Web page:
Some have noted that the full-spec M2 Mac mini costs almost as much as the current Mac Studio. There is sometimes a merging between devices with Apple products, but different dimensions may be important for some (not that the Studio is overly large), for example those server banks.
There has been much hand-wringing about the delayed Mac Pro. Tim Hardwick (MacRumors), for example, notes that the unified architecture is raising doubts about the Mac Pro's modularity among prospective owners. I mentioned this a few weeks ago as the design and manufacture of Apple silicon means it cannot be upgraded.
For years it has not been possible to add RAM to most Macs and that would now be the case with a new MacPro. Likewise, GPU and CPU are fixed, so unless Apple develops a way to allow a separate GPU by way of card expansion, that is also a cul de sac. Storage will be expandable: both internal and external.
Based on the old Mac Pro, any new device will be limited. Even though rumors suggest there will be up to 76 cores, it will still be necessary to choose the configuration before purchase. The Mac Studio, particularly when (if) it is upgraded to handle M2 chips, is a viable alternative.
A number of sites had the big news this week that an iPhone 4 had been caught on video catching fire as it was being charged. I am not really sure why this was news, apart from the fact that it was still in use. Samantha Wiley (iLounge) picked up the story, as did many others. The current model is the iPhone 14. I checked the MacTracker app and saw that there had been two models: the GSM version released in June 2010 and the CDMA version (January 2011). The iPhone 4s which I remember fondly, appeared in October 2011, so at best we are talking about a 10-year old phone.
We would have to guess how many times over the years that phone has been charged and re-charged, what the battery condition might be (if it has not been replaced in the interim), and how the components have stood the test of time. We are told that the original Apple charger was being used at the time (Matt Growcoot, PetaPixel). As Wiley had noted, however, "The iPhone 4 fire can be due to several reasons, including an expanding battery, manufacturer defects, a third-party charger, and possible overheating. The decades-old [sic] iPhone 4 may also be a factor in terms of battery care." The most important point of course that makes it news is that it was an iPhone. According to comments in the PetaPixel article, Apple commented that the device was vintage and they didn't expect their clients to be using a phone that old. That does not seem unreasonable, although, as Oliver Haslam (Redmond Pie) reports, "Apple has rolled out a new security update for the popular iPhone 5S almost a decade after it first went on sale": not that old, after all.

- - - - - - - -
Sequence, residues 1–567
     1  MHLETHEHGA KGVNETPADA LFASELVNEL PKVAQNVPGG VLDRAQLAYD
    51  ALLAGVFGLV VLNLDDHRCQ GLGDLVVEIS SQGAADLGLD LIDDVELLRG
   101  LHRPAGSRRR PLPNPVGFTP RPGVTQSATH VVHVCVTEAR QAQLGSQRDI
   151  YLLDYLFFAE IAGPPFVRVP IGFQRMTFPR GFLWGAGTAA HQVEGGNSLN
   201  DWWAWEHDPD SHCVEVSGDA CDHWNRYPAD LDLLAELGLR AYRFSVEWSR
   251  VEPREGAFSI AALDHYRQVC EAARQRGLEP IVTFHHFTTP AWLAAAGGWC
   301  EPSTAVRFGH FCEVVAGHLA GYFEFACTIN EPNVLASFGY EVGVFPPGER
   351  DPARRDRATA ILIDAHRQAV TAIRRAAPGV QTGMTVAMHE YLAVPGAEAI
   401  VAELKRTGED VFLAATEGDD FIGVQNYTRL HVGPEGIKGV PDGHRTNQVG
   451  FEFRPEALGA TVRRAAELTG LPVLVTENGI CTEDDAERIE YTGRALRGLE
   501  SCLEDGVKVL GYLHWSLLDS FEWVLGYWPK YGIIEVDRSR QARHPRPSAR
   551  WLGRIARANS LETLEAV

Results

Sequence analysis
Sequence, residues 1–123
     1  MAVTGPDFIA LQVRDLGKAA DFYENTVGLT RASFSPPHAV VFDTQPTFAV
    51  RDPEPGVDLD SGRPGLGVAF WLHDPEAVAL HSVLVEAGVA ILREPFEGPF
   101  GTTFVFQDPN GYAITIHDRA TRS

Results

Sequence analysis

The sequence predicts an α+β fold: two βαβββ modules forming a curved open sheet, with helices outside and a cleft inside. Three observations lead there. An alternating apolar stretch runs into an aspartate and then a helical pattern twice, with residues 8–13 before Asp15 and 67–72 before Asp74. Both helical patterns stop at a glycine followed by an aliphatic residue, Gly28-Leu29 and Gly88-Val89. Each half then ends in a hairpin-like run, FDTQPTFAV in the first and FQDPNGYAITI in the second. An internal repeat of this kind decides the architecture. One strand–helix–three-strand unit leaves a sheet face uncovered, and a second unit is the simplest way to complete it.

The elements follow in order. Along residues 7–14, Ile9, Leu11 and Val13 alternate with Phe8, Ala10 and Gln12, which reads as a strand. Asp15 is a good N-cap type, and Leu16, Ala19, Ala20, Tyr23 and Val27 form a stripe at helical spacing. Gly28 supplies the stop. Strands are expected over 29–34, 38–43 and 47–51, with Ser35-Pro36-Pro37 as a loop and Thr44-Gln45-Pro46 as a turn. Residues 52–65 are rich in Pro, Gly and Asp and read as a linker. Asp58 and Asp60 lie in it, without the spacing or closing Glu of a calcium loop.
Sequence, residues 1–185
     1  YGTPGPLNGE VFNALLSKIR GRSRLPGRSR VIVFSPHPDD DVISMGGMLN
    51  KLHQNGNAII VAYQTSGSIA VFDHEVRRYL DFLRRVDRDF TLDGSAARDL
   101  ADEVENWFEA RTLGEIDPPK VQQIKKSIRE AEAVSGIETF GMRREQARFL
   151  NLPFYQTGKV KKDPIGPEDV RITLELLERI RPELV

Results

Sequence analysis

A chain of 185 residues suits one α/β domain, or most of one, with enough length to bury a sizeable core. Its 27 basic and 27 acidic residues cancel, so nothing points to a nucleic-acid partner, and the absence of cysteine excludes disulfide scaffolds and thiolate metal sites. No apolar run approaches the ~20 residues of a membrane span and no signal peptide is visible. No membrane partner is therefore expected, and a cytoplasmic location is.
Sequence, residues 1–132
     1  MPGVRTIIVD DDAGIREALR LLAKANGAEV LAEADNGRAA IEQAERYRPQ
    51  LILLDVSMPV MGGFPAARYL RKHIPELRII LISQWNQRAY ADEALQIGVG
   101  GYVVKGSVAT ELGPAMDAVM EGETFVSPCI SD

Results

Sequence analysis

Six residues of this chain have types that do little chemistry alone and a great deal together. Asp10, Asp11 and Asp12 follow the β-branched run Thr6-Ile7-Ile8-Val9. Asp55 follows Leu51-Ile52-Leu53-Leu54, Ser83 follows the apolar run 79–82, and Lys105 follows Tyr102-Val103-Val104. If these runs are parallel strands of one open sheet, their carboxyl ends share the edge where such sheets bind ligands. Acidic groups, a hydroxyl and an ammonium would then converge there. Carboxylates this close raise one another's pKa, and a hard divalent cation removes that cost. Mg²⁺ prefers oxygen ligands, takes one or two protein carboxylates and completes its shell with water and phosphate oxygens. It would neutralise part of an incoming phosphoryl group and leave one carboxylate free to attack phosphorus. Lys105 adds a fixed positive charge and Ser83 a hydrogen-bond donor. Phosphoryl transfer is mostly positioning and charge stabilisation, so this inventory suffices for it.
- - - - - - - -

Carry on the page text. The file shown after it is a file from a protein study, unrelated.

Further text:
Because of a change at work regarding PR and Twitter, I decided to rejoin Facebook and filter out all the irrelevant advertising as best as I could to see the content that I was interested in. It helps to find out what is happening as those charged with sending the information out (and to me) guard it as if it were a state secret. I have other sources and instead of sitting in an office all day I seek out what is happening with students activities, which I think is more important than taking photos of a line of old men who had a meeting. I also look at other sources of information to find items that may be relevant to those at the Faculty of engineering.
As we have already been discussing AI and the risks of students using it to do writing for them (low risk here as it is easy to spot when a Thai writer is not using Thai-based content), I put some of my ideas on the Facebook page: "Comments on a blog post by David Alcock: An encounter with Artificial Intelligence"
The nest of hornets that ChatGPT poked has produced some long-overdue discussion not only about the problems of AI (and plagiarism) but about reviewing the way exams are set and administered. Teachers are now also having to look again at how they set tasks and homework (the President of Ireland, Michael D Higgins, has recently called for homework to be banned). On his blog, David Alcock, outlines a presentation recently delivered at Bradford Grammar School (18 Jan). He notes that although we may have to rethink teaching tasks, there are "several other workarounds", some of which are already appearing in classes. I dropped exams years ago and [instead] set a series of projects that rely on self-generated input, although presentations naturally do include much borrowed content. It is how the students manage this that I am interested in.
Alcock puts forward several other useful ideas, and while they may not all work in every classroom, a consideration of some of the methods may produce good results. He does however accept that AI has arrived and it may actually help students understand the world. He ends,
"Let's be bold as we contemplate how we might harness ChatGPT's powers, not only to make teaching more efficient and relevant for our students, but also how we might work towards a more humane, caring, and sustainable future for everyone."
As a good academic, I also included the reference:
Alcock, D. "Education's encounter with Artificial Intelligence." alcockblog. https://alcock.blog/2023/01/22/educations-encounter-with-artificial-intelligence/
I had an email during the week from the Siam Sinfonietta mailing list (that is S. P. Somtow) about an upcoming performance of Mahler 5 on 27 February at the Thailand Cultural Center. As that is a Monday and there is a deadline for student writing that day, I may not make it.
Within the text was a reference to something I had written when Mahler 8 - The Symphony of a Thousand - was performed at the same venue in July 2013: "The applause was prolonged, loud and justified. The orchestra had just produced one of the most stunning performances that any Bangkok audience has been privileged to attend".
I had a look online and found the complete article: Somtow's Wall of Sound: Mahler 8 - Thailand Cultural Center, 24 July 2013. It includes praise for the performers, but some acid criticism of those using mobile phones during the event: crass.
Graham K. Rogers teaches at the Faculty of Engineering, Mahidol University in Thailand. He wrote in the Bangkok Post, Database supplement on IT subjects. For the last seven years of Database he wrote a column on Apple and Macs. After 3 years writing a column in the Life supplement, he is now no longer associated with the Bangkok Post. He can be followed on Twitter (@extensions_th)